When Mao-Tse Tung came to power in 1949, Nee was seen as an imperialist since he was a factory owner, and was imprisoned until his death in 1972. Some believe his tongue was cut out so that he would no longer preach. He once asked, “Do you not realize that edification is not a question of doctrine, but of spirit? If your brother speaks through his spirit, you will be washed and cleansed each time his spirit comes out and touches you.” [1] He taught that any teaching of doctrine which does not result in reviving the spirit can only be considered as dead letter, and on that, he may be right.

Article by Jack Wellman

Jack Wellman is Pastor of the Mulvane Brethren Church in Mulvane Kansas. Jack is also the Senior Writer at What Christians Want To Know whose mission is to equip, encourage, and energize Christians and to address questions about the believer’s daily walk with God and the Bible. You can follow Jack on Google Plus or check out his book Teaching Children the Gospel available on Amazon.

1. Nee, Watchman. The Release of the Spirit. Christian Literature Crusade, 1989. p. 90.

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  • pud


    For several years throughout the 1980s and early 1990s, Mike Warnke was the leading evangelical speaker when it came to Satanism and the practice of worshiping the devil. Perhaps it was unsurprising, as Warnke claimed to have been a member of a satanic church in his earlier years before eventually seeing the light and converting to Christianity.Using his insider knowledge, Warnke shaped the view of many evangelists when it came to Satan. In particular, he revealed the supposed ritualistic practices carried out by his and other cults throughout the United States.Warnke parlayed this fame into a career as a stand-up comedian, releasing several albums in addition to books such as The Satan Seller. He even made an appearance on ABC’s 20/20 in an episode devoted to demonic practices.The problem? It was all a lie. Christian magazine Cornerstone investigated Warnke’s claims and couldn’t find a single person to corroborate his stories. In fact, the college friends he spoke of all claimed that he had never taken drugs and was not involved with any satanic cults of any sort. Warnke was thoroughly discredited by the investigation, though he sometimes still claims that he was a member of a satanic cult. Today, his platform is limited to occasional preaching and stand-up shows.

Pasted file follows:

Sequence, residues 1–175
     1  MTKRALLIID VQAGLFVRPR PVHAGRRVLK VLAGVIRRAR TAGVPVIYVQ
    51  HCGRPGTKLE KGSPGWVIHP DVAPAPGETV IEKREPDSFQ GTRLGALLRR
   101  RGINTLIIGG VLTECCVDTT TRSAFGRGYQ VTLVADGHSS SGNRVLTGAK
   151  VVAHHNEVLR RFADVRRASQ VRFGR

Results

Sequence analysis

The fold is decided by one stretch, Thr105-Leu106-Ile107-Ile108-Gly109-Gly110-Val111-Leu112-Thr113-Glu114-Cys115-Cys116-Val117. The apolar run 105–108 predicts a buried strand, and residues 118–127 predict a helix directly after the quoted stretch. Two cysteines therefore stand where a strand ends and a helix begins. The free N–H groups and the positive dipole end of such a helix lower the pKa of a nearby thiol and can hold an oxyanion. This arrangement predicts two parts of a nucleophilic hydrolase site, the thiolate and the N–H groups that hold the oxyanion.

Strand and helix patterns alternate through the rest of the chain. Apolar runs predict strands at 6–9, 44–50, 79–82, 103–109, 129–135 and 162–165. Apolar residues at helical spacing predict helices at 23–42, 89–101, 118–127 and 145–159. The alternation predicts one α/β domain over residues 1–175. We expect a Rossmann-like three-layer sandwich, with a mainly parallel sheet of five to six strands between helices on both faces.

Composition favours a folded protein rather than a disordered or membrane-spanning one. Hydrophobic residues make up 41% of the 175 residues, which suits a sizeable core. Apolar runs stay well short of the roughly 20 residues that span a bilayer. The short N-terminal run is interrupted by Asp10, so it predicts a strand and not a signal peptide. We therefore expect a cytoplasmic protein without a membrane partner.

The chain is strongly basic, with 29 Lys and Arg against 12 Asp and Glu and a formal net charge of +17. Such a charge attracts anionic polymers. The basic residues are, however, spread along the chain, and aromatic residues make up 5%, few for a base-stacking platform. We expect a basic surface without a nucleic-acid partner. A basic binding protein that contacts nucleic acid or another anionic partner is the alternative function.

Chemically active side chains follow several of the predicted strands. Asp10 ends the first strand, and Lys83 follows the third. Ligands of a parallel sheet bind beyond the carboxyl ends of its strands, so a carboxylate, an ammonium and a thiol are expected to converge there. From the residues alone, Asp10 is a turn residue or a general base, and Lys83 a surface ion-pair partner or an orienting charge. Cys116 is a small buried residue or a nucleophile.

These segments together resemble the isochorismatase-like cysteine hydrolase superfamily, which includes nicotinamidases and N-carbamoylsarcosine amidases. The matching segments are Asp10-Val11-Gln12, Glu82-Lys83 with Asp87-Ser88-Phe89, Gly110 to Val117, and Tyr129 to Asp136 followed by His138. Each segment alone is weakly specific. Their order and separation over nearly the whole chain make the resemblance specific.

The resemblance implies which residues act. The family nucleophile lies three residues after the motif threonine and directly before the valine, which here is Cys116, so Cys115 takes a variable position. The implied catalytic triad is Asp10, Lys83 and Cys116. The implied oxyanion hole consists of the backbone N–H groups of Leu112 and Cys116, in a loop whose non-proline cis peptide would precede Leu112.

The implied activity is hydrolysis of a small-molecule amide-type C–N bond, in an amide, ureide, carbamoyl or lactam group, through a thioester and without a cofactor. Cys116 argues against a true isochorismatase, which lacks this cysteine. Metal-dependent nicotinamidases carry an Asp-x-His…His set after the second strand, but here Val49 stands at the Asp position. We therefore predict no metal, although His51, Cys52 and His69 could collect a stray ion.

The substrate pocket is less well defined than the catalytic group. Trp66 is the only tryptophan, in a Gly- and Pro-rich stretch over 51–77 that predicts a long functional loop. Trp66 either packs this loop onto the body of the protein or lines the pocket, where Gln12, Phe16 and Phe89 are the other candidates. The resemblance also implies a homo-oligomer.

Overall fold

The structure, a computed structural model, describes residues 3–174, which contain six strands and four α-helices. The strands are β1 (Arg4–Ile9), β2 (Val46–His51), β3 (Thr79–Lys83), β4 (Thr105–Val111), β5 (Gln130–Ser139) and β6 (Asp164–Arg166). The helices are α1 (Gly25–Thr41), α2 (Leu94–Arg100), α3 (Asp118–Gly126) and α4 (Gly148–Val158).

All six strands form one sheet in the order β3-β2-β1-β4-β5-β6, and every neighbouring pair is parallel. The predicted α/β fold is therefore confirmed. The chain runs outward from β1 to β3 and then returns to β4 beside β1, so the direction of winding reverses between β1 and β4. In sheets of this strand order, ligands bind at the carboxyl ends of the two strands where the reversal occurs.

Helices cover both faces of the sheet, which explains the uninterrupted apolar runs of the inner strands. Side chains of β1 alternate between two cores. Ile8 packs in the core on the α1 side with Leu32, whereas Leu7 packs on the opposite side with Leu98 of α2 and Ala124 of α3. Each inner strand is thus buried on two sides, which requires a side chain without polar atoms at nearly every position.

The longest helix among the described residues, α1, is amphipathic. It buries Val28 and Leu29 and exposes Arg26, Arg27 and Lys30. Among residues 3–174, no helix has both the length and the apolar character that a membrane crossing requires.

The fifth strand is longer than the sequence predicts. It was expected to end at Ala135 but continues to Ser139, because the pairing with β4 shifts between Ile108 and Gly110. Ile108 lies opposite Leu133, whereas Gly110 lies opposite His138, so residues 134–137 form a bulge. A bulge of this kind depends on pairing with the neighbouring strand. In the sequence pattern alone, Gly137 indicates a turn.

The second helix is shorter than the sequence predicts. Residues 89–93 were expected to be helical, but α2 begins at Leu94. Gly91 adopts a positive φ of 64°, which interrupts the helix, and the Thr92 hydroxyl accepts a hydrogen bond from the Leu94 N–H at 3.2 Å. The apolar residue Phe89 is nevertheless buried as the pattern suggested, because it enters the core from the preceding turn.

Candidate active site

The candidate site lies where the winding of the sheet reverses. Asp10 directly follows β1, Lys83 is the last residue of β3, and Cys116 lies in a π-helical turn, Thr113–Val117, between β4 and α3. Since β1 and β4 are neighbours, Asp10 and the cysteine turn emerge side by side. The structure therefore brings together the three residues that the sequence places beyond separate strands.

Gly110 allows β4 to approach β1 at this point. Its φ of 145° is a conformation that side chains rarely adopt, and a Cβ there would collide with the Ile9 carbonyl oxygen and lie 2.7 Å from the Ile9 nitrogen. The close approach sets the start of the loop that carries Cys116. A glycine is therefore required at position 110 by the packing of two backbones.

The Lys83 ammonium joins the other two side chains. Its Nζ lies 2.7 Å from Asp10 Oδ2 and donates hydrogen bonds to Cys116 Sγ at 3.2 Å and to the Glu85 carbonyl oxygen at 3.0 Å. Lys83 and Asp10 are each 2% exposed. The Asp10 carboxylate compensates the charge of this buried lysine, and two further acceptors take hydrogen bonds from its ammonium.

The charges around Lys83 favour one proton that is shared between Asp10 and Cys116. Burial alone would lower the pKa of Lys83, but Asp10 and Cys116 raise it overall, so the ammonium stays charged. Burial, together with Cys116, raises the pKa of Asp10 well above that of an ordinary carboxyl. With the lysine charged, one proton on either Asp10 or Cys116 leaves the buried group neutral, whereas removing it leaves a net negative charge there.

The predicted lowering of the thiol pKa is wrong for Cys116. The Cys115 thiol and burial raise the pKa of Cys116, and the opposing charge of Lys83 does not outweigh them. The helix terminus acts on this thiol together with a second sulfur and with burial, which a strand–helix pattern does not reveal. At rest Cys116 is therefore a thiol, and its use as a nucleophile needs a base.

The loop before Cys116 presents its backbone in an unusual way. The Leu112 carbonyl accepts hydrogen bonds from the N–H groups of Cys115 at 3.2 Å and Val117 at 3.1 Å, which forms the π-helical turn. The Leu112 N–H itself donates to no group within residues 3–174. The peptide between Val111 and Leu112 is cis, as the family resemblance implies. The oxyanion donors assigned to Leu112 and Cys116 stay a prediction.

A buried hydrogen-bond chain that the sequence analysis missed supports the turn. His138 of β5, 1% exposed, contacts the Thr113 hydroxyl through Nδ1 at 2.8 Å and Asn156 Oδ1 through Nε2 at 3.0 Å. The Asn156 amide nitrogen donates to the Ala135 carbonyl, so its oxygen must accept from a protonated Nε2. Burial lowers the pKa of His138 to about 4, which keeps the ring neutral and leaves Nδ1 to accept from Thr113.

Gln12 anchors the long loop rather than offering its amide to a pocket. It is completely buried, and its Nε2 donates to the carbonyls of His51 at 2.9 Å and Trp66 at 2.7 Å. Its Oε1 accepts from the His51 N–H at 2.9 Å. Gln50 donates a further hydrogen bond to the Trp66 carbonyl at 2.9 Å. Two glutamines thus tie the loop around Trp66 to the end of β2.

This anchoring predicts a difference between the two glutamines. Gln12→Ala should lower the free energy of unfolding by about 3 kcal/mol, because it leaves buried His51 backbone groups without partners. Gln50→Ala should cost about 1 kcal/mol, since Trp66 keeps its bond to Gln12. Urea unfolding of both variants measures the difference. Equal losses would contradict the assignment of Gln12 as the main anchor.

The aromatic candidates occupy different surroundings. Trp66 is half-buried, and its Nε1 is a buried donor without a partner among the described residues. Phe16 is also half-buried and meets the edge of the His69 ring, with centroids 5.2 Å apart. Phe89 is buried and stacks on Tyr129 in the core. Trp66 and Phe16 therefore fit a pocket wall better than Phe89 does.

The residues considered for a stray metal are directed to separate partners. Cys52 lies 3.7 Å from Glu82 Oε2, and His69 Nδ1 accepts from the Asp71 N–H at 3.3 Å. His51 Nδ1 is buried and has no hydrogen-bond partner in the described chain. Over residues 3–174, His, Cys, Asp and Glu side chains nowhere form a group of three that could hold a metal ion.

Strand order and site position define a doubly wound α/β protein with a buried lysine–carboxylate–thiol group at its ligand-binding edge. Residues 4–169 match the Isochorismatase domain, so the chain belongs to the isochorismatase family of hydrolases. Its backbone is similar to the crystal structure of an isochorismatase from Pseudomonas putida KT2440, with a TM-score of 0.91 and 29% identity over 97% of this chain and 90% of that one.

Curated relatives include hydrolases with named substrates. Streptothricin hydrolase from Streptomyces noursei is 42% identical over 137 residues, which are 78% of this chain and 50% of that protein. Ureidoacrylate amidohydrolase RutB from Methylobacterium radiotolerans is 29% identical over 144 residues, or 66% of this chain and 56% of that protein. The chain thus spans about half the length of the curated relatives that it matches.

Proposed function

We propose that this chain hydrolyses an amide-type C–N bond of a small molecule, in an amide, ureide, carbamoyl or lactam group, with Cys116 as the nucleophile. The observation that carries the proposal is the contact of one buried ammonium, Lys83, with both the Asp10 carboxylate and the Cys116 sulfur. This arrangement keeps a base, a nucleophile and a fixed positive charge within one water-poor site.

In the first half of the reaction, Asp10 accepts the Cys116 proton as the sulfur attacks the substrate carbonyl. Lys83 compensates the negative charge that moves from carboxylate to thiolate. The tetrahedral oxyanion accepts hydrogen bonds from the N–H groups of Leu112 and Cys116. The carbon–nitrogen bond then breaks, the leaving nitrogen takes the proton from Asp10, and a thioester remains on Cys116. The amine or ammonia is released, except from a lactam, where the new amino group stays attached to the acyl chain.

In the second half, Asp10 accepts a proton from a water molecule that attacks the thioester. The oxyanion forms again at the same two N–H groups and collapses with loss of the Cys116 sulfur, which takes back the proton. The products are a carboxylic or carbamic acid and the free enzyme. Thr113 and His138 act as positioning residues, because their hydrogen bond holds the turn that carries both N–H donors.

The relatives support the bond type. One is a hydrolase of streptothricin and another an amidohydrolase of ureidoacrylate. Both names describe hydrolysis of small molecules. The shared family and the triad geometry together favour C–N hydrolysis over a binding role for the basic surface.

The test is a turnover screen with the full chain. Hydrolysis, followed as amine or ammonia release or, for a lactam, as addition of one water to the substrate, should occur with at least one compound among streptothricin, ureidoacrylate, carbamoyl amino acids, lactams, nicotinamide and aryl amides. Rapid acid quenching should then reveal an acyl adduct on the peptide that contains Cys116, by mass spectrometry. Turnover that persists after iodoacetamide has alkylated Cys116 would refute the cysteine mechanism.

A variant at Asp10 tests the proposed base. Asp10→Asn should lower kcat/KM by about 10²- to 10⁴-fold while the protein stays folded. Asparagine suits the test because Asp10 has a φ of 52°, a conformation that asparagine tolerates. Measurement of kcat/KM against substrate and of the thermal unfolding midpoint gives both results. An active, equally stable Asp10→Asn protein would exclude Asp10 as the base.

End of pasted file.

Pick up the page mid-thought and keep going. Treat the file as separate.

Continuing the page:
• pud

    Just one more delusional nut case in a long long list of psychotic “believers” in the absurd.

  • jesse100

    I’ve been an avid reader of Watchman Nee for years and can say I’ve never read any of the errors you speak of here. An unfair appraisal of the life of a man that has edified countless Christians over the years and gave his life for the Gospel in China.

  • Ekundayo Babatope

    I strongly agree with Jesse. Sir i think this article should be taken off, as it might hinder people to get an enriching book out of his books especially , SECRETS TO SPIRITUAL POWER ( a compilation of writings of Watchman Nee) because can’t seem to understand why something would be put up against him, whose whole life he dedicated to soulwinning and last words on a piece of paper after imprisonement were “Christ is the Son of God who died for the redemption of sinners and resurrected after three days. This is the greatest truth in the universe. I die because of my belief in Christ. Watchman Nee.”